Mechanics' Institute Chess Club Newsletter #452

The (Dutch) Stonewall is one of only a few openings where Black achieves an immediate advantage in space.

Vladimir Kramnik

1) Mechanics Institute Chess Club News

2) Max Wilkerson 1925-2009

3) Nakamura and Najer tie for first in World Open

4) Aigner wins in Sacramento

5) Jerry Weikel: Organizer and Player

6) Here and There

7) Upcoming Events

This Saturday the Mechanics' hosts it annual one day free Scholastic tournament made possible by a donation in memory of Martin Wiskemann.

1) Mechanics Institute Chess Club News

Romulo Fuentes defeated tournament leader Anthony Rozenvasser in round seven of the Summer Tuesday Night Marathon to take over first place with 6 points with one round to go. Rozenvasser, Oleg Shakhnazarov, Dante Argishti and Jayakrishnan Ramachandran are half a point behind.

George Sanguinetti reports on the weekly Wednesday Night Blitz:

Last week the Wednesday Night Blitz tournament tied the high to date attendance of 13 players and saw a new 1st place finisher, IM Vladimir Mezentsev. This was Mezentsev's first time to join the tournament; he scored 11 out of 12 losing only to Igor Traub who tied with Felix Rudyak for 3rd. Igor and Felix took it upon themselves to play a playoff for the 3rd place money the game ended in a draw ( !) and before there could finish another one it was closing time. Anthony Rozenvasser did not show up to defend his title from last week, when he went undefeated.

Wednesday Night Blitz Winners for the week of 07-01 are:

1st : IM Vladimir Mezentsev $ 32.50 (11 points)

2nd : Reynaldo Salvatierra $ 19.50 (10 points)

3rd : Igor Traub & Felix Rudyak $ 6.50 each (8 points)

Arrive between 6:00 pm and 6:30 pm to be assured a spot in the weekly blitz

2) Max Wilkerson 1925-2009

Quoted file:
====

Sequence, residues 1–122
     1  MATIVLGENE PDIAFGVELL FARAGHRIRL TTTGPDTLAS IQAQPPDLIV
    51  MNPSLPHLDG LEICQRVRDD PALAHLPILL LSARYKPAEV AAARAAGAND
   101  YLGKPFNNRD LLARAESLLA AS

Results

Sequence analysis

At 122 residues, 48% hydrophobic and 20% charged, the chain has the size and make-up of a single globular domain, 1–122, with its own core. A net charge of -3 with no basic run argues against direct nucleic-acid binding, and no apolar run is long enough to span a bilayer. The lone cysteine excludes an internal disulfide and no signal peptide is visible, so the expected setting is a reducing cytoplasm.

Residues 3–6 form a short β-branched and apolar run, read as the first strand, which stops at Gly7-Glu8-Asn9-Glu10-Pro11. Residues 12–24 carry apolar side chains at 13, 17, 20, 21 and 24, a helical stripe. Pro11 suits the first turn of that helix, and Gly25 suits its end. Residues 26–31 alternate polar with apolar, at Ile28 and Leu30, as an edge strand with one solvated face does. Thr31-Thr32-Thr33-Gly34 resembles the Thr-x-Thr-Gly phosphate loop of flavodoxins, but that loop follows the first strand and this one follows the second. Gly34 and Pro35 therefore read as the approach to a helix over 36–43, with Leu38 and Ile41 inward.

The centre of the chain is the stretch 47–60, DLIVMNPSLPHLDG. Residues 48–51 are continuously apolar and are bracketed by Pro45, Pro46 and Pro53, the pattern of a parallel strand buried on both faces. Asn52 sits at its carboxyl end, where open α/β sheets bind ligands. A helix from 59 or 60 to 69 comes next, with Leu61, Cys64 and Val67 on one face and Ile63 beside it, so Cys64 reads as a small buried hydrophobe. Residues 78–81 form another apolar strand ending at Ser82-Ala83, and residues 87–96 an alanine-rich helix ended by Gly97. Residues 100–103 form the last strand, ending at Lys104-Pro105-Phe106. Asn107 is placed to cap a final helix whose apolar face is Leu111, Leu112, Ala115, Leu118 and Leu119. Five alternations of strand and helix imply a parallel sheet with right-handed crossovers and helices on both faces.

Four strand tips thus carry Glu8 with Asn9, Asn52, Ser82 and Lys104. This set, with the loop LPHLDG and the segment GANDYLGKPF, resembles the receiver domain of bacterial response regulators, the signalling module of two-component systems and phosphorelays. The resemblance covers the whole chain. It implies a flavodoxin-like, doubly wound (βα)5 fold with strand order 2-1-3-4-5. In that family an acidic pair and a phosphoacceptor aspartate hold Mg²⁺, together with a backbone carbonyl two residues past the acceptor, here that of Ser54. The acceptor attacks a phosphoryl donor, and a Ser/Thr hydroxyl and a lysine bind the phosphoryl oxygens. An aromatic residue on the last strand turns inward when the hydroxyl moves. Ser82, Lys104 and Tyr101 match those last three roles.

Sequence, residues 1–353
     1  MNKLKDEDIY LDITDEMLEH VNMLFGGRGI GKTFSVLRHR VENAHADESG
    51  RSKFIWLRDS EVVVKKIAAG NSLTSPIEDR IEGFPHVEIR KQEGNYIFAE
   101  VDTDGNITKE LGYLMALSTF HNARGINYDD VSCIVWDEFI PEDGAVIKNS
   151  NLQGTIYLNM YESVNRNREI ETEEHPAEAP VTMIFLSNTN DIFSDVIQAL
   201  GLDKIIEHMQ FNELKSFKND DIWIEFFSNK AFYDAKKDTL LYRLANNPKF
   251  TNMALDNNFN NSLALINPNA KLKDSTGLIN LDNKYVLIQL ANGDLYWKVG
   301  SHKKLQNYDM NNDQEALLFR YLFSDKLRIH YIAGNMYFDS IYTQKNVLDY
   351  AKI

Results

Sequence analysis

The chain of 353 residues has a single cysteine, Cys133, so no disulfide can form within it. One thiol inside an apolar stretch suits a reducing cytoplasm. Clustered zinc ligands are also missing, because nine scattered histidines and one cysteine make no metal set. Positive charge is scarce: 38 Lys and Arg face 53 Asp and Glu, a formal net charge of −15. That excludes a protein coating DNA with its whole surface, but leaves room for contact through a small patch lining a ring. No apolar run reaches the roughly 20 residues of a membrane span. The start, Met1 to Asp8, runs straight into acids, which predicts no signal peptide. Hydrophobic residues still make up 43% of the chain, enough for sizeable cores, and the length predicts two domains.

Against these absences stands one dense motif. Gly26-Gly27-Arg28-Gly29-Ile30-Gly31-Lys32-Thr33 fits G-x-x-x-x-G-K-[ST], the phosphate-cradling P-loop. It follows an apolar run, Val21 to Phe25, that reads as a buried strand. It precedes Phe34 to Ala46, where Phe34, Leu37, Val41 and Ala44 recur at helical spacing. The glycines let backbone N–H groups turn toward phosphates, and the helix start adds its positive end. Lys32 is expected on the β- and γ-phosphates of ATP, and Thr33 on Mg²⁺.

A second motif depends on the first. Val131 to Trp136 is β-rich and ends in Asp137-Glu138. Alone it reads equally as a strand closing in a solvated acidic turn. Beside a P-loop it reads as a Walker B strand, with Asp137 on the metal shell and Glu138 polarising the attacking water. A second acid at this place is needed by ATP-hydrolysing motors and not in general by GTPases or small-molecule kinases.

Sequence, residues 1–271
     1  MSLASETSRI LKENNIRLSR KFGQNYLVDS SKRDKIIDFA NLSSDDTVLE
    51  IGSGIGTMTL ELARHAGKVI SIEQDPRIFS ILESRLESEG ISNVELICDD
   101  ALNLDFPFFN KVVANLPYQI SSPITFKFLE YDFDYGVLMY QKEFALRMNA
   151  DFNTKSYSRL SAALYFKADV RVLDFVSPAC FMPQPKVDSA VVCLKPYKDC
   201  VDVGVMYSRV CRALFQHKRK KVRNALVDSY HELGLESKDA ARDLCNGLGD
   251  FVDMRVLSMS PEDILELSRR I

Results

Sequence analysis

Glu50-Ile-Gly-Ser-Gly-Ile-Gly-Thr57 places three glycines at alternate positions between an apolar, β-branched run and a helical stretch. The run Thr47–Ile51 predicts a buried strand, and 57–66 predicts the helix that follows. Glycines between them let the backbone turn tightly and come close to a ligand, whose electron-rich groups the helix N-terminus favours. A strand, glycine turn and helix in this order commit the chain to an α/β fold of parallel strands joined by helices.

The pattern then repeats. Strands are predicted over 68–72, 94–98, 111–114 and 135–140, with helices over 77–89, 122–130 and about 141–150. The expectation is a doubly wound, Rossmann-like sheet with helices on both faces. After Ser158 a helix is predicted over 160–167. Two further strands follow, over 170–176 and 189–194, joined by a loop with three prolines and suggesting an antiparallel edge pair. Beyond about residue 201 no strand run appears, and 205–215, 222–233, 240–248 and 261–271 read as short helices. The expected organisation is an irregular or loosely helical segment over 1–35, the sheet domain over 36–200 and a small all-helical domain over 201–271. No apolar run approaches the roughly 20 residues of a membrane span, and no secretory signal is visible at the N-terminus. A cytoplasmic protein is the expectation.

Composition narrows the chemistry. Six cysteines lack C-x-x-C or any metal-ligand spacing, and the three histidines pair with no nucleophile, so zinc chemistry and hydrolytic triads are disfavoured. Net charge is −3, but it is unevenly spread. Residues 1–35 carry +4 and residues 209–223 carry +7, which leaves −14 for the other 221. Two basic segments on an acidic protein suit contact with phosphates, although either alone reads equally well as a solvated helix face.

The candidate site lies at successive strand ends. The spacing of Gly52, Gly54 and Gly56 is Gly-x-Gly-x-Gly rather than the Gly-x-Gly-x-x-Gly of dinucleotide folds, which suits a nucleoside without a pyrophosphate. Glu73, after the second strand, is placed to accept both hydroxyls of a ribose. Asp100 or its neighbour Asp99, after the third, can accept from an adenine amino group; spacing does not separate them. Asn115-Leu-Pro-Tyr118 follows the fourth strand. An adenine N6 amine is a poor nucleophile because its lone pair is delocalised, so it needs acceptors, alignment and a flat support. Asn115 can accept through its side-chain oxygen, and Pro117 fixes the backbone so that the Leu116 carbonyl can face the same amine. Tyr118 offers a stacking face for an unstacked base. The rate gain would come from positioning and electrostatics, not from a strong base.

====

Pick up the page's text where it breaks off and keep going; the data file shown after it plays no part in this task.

Max Wilkerson, the longest serving Chess Director (1980-1996) in the history of the Mechanic's Institute, passed away on July 3. Born October 10th, 1925, in Orange , Texas , Max was best known for his generosity and kindness but he also had a good chess pedigree. A strong Expert for most of his career he was the Denver Open winner in 1954, New Mexico Champion in 1959 and took top honors in the Master/ Expert of the San Francisco Class Championships in 1971. Max was among the winners when Bobby Fischer gave a simul at the Mechanics' Institute on April 13, 1964. Fischer got his revenge three days later in the famous ten board clock simul in Davis .

Tributes to Max will be published in upcoming Newsletters. The next Tuesday Marathon will be called the Max Wilkerson TNM in his honor.

3) Nakamura and Najer tie for first in World Open

GMs Hikaru Nakamura and Evgeny Najer tied for first in the World Open held June 29th to July 5th in Philadelphia . There 7-2 scores were good for a little over $15,000 apiece. Nakamura was not around at the end of the tournament as after beating Najer in round 7 he took byes for the last two rounds which enabled him to fly to San Sebastian for a super strong round robin (he defeated Anatoly Karpov in the first round) . IM Alex Lenderman made his final GM norm (his third in a little more than a month) and with a FIDE rating should become America 's next GM.

Final Standings Over 2400 section:

1-2. GMs Najer and Nakamura 7/9
3-7. GMs Kamsky, Smirin, Stocek,Akobian and Yudasin - 6
8-14. GMs Ehlvest, Mikhalevski,Gareev, Kudrin, Perelshteyn, Bareev and IM Lenderman 6, etc.
(98 players)

GM Jesse Kraai was the top scorer from the Bay Area with 5.5 points. Here is a smooth win by Jesse in his characteristic style which is primarily technical but mixed with tactics when the position calls for it.

Kraai,J (2531) - Bartell,T (2407) [A30]
World Open Philadelphia (2),2009

1.Nf3 Nf6 2.c4 c5 3.Nc3 e6 4.g3 b6 5.Bg2 Bb7 6.0-0 Be7 7.d4 cxd4 8.Qxd4 0-0 9.Rd1 d6 10.Bg5 Nc6 11.Qf4 Qb8 12.Rd2 Ne5 13.Rad1 Rc8 14.b3 a6 15.Bxf6 Bxf6 16.Ne4 Nxf3+ 17.Qxf3 Be7 18.Nf6+ gxf6 19.Qxb7 Ra7 20.Qf3 Rc5 21.e4 Rg5 22.h4 Rg7 23.Qf4 Rd7 24.b4 Qc7 25.Bf1 Kh8 26.Kh2 a5 27.bxa5 bxa5 28.Rb1 Rg8 29.Rb5 Rb8 30.c5 Rc8 31.c6 Qxc6 32.Rh5 1-0

4) Aigner wins in Sacramento

Michael Aigner writes about the traditional July 4th weekend tournament in Sacramento . The annual Sacramento Chess Championship on 4th of July weekend provides a leisurely opportunity to push pawns on a holiday weekend. Even the mild weather was enjoyable this year! The 72 player attendance was down nearly 20% from last year, but that did not decrease the competition in the top section. I was paired with three veteran masters and three talented youngsters who all may be over 2200 by next summer. At the end of three days, I finished at 5.0 out of 6 for undisputed 1st place. NM Zoran Lazetich, NM Richard Koepcke and 11 year old Kyle Shin (rated only 1956 officially) shared 2nd at 4.5, with Kyle earning the top prize for players under 2200.